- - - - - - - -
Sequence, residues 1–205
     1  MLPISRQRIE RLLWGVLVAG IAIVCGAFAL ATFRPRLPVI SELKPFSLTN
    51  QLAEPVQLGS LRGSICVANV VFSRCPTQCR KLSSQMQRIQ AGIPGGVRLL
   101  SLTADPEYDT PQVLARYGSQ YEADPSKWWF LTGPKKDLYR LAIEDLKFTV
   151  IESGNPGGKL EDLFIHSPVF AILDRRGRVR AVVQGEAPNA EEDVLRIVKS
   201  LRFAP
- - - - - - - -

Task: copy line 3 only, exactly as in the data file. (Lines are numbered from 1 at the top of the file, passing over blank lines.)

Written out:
    51  QLAEPVQLGS LRGSICVANV VFSRCPTQCR KLSSQMQRIQ AGIPGGVRLL